There has been much talk about spiritual illiteracy, usually in relation to its startling absence among people of faith.
Less discussed are the repercussions of spiritual illiteracy in the secular world, and particularly the cultural elite in positions of influence.
Consider the dismissal of Sarah Palin by MSNBC commentator Richard Wolffe for reading C.S. Lewis for “divine inspiration.” Appearing on MSNBC’s “Hardball” with Chris Matthews, Wolffe reacted with mocking incredulity, noting that Lewis wrote “a series of kid’s books.”
Credit to Matthews who responded, “I wouldn’t put down C.S. Lewis.”
“I’m not putting him down,” Wolffe responded. “But you know divine inspiration? There are things she could’ve said to divine inspiration. Choosing C.S. Lewis is an interesting one.”
This isn’t about Palin. It’s about the ignorance of Lewis.
Simply an author of children’s books? Lest we forget, and obviously some have, this is the man who, in the words of the London Times, “in his own lifetime became a legend.”
Clive Staples Lewis went to University College, Oxford, where he achieved a rare Double First in Classics, an additional First in English, and the Chancellor’s Prize for academics. He was soon offered a teaching position at Magdalen College, Oxford, where he was a fellow and tutor from 1925-1954, and then later at the University of Cambridge as professor of Medieval and Renaissance English (1954-1963).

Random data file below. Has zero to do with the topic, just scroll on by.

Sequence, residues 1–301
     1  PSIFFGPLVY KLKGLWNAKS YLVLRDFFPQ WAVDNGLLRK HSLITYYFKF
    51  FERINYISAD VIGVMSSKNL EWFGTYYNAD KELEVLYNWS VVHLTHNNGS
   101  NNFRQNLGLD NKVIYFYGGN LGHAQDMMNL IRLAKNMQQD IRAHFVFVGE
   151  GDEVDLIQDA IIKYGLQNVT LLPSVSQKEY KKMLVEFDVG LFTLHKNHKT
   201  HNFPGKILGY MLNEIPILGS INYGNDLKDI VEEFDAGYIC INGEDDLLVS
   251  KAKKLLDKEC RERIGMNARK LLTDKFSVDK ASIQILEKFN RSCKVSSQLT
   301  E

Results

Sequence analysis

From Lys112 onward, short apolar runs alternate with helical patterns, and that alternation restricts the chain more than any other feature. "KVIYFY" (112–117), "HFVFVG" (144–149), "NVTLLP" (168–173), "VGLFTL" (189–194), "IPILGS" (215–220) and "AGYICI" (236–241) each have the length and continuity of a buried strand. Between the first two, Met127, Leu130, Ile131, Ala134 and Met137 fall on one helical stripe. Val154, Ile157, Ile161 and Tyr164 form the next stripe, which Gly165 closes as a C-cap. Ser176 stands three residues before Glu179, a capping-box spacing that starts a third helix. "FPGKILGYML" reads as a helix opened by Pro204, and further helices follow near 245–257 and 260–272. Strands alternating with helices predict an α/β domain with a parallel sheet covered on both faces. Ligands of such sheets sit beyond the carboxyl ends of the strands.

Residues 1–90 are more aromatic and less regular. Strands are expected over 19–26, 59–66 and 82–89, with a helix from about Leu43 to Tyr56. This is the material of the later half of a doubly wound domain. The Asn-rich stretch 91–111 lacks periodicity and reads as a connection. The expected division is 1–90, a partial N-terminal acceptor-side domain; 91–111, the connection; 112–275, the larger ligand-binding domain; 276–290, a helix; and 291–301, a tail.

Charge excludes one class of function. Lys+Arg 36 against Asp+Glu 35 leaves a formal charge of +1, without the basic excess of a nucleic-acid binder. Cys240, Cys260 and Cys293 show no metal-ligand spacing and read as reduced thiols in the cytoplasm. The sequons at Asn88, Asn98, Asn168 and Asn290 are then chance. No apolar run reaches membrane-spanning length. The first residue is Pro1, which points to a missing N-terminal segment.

In 1931, Lewis came out of atheism into the Christian faith, aided significantly through his friendship with J.R.R. Tolkien, author of The Lord of the Rings. The intellectual questions that plagued him during his spiritual journey – why God allows pain and suffering, how Christianity can be the one and only way to God, the existence of miracles – became the very questions he helped others navigate with such skill as a Christian. His first work, The Pilgrim’s Regress: An Allegorical Apology for Christianity, Reason and Romanticism came out in 1933. There followed a torrent of works, eventually reaching 40 titles, the vast majority attempting to put forward Christianity in a very non-Christian world. Among the more widely known being The Screwtape Letters, a trilogy of science fiction novels (when the genre was hardly known), and, yes, the Chronicles of Narnia, a series of seven children’s books that are widely heralded as classics of fantasy literature.
It was a series of radio addresses, given over the BBC during the Second World War but later published in three separate parts, where his conversational style, wit, intellect, and rough charm revealed Christianity to millions. The first invitation was for four fifteen-minute talks. The response was so overwhelming that they gave him a fifth fifteen-minute segment to answer listener’s questions.
A second round of talks was requested and given. The clarity of thought, his ability to gather together a wide range of information and make it plain, led one listener to remark after hearing the talks that they “were magnificent, unforgettable. Nobody, before or since, has made such an ‘impact’ in straight talks of this kind.”